June 18, 2018
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Washington jail administrator accused of stealing from inmate fund resigns

Mario Moretto | BDN
Mario Moretto | BDN
Cpt. Robert Gross (foreground), the Washington County Jail administrator, and Sgt. Karina Richardson, the jail’s clerk, listen to testimony Thursday, Jan. 17, 2013, during a hearing before the Washington County commissioners. Richardson was fired and Gross has since resigned.
By Tom Walsh, BDN Staff

MACHIAS, Maine — Washington County Jail Administrator Robert Gross has resigned after being suspended last month for alleged personal use of an in-house fund designed to benefit inmates of the 48-bed Washington County Jail.

Because of his resignation, a termination hearing that had been scheduled for Thursday, Jan. 24, won’t be necessary.

Capt. Gross, 62, who had been the jail’s administrator since 1995 and worked for the county since 1988, delivered a letter of resignation to County Manager Betsy Fitzgerald on Friday, Jan. 18, the day after he testified in a termination hearing for Sgt. Karina Richardson, 50, the jail’s clerk, who also was accused of dipping into the fund. Gross and Richardson were accused of inappropriately spending money from the fund to buy items for personal use, including high-end cellphones, computers, accessories, and in Richardson’s case, lingerie.

After a contentious, 11-hour hearing on Jan. 17, Richardson was fired by unanimous vote of the three Washington County commissioners.

Both Gross and Richardson said during that hearing that Washington County Sheriff Donnie Smith authorized the expenditures at issue in their suspensions, a claim that Smith denies.

“I’m not at all surprised,” Donald Brown, the Brewer attorney who represented Smith in the Jan. 17 hearing, said Tuesday of Gross’s resignation. “It’s probably the best result for [Gross].”

“I really don’t think that I did anything wrong,” Gross said Tuesday afternoon in a phone interview. “The only reason I pulled the plug is how can I go back to work for a man who gave me permission to do something and then said he didn’t? Even if I won, I was going to lose.”

Smith requested both termination hearings. He said that he didn’t find out about Gross’s resignation until it was revealed by Fitzgerald during a scheduling meeting on Tuesday morning. Fitzgerald said Tuesday that she should have notified Smith sooner, but was “asleep at the switch” given that last Thursday’s hearing lasted almost until midnight.

Smith said it will take some time to post and fill both positions. Richardson’s old job, he said, will be scaled back to part-time, because the inmate benefit fund, which she managed as the jail’s clerk, is now being administered by the office of the county treasurer.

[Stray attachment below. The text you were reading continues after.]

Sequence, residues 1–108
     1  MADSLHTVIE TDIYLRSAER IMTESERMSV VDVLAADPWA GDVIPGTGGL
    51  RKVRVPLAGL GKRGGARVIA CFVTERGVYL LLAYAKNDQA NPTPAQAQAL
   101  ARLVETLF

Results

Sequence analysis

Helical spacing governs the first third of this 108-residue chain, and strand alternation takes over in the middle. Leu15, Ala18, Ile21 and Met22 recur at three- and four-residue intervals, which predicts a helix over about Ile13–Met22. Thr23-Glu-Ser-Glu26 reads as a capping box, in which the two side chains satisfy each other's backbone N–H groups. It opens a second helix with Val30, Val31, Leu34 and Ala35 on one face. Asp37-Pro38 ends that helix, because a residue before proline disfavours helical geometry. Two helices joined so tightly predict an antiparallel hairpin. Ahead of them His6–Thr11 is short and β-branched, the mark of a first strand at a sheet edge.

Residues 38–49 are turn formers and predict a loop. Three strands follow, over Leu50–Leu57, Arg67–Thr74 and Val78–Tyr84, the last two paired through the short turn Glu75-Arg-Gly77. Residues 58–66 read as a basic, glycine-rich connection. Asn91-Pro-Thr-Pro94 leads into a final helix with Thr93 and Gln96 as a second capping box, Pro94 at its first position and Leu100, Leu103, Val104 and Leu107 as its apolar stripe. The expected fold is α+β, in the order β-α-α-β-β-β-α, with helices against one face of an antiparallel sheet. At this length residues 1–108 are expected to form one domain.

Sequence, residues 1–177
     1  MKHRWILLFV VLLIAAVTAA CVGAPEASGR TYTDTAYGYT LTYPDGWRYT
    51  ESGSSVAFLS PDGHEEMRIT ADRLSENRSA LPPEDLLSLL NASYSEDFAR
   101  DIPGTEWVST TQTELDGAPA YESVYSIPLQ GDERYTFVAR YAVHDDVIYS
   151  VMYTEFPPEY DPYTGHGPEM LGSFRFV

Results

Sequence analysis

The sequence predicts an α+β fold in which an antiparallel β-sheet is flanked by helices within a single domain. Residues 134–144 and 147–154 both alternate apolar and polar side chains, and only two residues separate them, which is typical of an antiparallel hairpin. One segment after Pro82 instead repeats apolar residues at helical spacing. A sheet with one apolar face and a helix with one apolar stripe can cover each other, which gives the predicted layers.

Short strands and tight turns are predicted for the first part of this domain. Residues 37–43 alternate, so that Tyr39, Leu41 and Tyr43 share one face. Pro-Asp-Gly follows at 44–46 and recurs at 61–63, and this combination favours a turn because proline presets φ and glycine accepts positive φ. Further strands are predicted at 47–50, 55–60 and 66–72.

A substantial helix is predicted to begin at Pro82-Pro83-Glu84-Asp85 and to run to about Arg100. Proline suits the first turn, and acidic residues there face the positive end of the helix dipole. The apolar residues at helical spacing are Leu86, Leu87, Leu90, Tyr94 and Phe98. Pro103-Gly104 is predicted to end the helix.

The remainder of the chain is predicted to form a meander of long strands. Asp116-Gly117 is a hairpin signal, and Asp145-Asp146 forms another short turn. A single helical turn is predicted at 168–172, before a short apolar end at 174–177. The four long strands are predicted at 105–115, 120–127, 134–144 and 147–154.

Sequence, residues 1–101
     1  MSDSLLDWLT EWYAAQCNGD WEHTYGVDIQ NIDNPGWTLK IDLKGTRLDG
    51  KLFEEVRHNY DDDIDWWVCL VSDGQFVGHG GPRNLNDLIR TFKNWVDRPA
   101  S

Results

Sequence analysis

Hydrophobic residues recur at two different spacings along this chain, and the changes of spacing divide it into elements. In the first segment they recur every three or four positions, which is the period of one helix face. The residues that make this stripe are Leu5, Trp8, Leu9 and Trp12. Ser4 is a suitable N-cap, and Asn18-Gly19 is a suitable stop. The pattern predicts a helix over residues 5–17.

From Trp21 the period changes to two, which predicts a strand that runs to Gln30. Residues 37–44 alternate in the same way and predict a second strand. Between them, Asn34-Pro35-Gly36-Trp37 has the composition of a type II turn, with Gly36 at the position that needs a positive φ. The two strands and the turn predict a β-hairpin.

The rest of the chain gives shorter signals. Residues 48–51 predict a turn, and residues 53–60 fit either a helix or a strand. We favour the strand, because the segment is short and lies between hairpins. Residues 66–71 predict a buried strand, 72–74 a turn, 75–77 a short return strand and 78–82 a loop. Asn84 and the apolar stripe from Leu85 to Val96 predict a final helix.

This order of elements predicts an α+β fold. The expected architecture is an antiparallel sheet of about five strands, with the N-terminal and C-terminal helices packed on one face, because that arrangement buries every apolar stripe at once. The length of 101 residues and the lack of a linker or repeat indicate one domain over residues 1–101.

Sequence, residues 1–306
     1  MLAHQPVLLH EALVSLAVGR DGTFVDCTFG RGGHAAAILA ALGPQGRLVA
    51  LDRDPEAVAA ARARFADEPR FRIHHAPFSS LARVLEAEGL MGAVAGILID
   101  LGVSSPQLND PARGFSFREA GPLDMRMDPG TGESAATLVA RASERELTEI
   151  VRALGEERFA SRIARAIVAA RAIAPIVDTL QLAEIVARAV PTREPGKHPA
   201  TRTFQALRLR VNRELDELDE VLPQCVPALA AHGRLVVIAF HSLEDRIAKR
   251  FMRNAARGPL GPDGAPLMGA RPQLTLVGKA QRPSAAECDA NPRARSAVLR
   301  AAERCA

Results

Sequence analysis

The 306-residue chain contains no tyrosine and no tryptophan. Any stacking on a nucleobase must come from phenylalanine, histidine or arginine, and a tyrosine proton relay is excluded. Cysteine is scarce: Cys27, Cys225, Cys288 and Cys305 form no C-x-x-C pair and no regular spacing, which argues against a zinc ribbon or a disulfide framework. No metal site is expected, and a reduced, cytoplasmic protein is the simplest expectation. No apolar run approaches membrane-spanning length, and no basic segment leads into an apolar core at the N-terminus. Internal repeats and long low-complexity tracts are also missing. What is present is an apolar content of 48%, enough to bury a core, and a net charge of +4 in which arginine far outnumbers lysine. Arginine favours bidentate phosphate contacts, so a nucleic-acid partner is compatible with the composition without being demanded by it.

The inmate benefits account collects and disburses funds deposited by jail inmates or by others on their behalf to purchase telephone time, cable TV services, snacks, stationery, stamps and other approved commissary items. The fund usually has a balance of between $40,000 and $60,000. Expenditures are supposed to directly benefit inmates of the 48-bed jail, and Gross had lead discretion as to how to tap into the fund. Smith also is a legal signatory.

A recent investigation requested by Smith into use of the fund shows that, between Nov. 1, 2011, and Nov. 19, 2012, the total expenditures that did not appear to directly benefit inmates amounted to $7,272.

“I don’t care what the Department of Corrections thinks about this being turned into a part-time position, if they can’t do a better audit than that,” Smith said Tuesday. A Department of Corrections 2011 analysis of an independent audit of the jail’s inmate benefit account said the fund was “in compliance.”

Many of Smith’s critics say there’s no way the sheriff was unaware of the misappropriation of inmate benefit funds. Smith denies that as well as allegations by both Gross and Richardson during hearings last week that he also was dipping into the fund for his personal gain.

“All I can say is that, as soon as I knew what was going on, I got on it,” Smith said Tuesday. “I count on my people to do their jobs correctly and for audits to make sure that they are. If I had known about this sooner, I would have acted sooner.”

County commissioner Chris Gardner said following last Thursday’s hearing that the county had requested an investigation by the Maine Attorney General’s Office. Brown said Tuesday he would be surprised if investigators from the state Attorney General’s office pursue an investigation.

“If the AG is going to open this can of worms, they’ll have to take a look at all 16 counties,” he said.

Gardner said Tuesday afternoon that he has been in contact with Brian McMaster, who heads the AG’s office investigations division.

“We will be forwarding to them all of the investigative material in this case,” Gardner said. “[McMaster] has expressed that he would look into this on our behalf. We hope to come to a concludable end to this pretty soon.”

A call to McMaster late Tuesday afternoon was not immediately returned.

Smith said that as sheriff, he is ultimately responsible for the inmate benefit fund, but also said that he has received no guidance from Augusta on what types of expenditures directly benefit inmates.

“They want to run this from Augusta, without setting any standards and leaving the sheriff with any problems,” Smith said. “When I ask them what we can spend these funds on, I get no response. At all. The next time the [Department of Corrections] wants to come down for an inspection, I want to see their procedures and their policies. I’m not going to live through this again. We have to move on.”

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